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Editors: Bonell, Michael Joachim, Meyer, Olaf (Eds.)
Series: Ius Comparatum - Global Studies in Comparative Law, Vol. 11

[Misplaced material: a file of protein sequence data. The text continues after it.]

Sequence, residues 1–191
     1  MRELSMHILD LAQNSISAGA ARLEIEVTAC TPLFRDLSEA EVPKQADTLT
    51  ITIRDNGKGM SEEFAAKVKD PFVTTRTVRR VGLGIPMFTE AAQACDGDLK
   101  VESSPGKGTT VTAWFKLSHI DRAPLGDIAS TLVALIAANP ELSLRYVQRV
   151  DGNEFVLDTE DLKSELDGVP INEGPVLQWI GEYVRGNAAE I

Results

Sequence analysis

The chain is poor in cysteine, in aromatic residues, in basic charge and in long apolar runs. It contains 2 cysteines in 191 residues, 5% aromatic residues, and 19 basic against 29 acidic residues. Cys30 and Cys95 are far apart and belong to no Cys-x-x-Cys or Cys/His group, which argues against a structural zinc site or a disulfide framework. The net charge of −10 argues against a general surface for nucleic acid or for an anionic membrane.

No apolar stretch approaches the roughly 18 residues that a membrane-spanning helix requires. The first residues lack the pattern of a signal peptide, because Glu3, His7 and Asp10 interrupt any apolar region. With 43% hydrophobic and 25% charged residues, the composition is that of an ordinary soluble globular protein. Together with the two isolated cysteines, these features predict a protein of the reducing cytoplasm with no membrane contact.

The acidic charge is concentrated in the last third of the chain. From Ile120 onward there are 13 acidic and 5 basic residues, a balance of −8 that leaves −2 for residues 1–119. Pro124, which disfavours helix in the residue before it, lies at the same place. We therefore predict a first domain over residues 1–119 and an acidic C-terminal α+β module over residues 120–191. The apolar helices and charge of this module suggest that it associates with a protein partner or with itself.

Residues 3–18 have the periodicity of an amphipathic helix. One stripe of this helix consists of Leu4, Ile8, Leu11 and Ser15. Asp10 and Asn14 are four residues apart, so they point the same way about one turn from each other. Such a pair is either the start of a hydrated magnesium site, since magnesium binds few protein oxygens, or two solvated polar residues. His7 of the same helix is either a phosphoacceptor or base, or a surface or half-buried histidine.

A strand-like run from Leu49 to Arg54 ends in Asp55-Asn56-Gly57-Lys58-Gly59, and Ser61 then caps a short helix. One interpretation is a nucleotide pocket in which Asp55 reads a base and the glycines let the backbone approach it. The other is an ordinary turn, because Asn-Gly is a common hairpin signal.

This volume presents national reports describing the legal instruments that are available to prevent the payment of bribes for acquiring contracts. Anti-corruption is one of the preeminent issues in the modern global commercial order and is tackled with the help of criminal law and contract law in different ways in different countries. The reports included in this volume, from very diverse parts of the world, represent a unique and rich compilation of court decisions, doctrinal discussions and a pool of suggested solutions. The central theme is the enforceability of three problematic types of contracts: the bribe agreement, whereby a bribe payer promises the agent of his business partner a personal benefit in exchange for favourable contract terms; the agreement between a bribe payer and an intermediary (a “bribe merchant”), where the latter offers his expertise to help funnel bribes to agents of the business partner; and finally, the contract between the bribe payer and his business partner which was obtained by means of bribery. The analysis is tailored toward commercial contracts, which can also include contracts with state-owned enterprises. The examination and comparison of international and national initiatives included in this volume advance the discussion on the most appropriate remedies in corruption cases, and show how to get past the boundaries of criminal, private and contract law.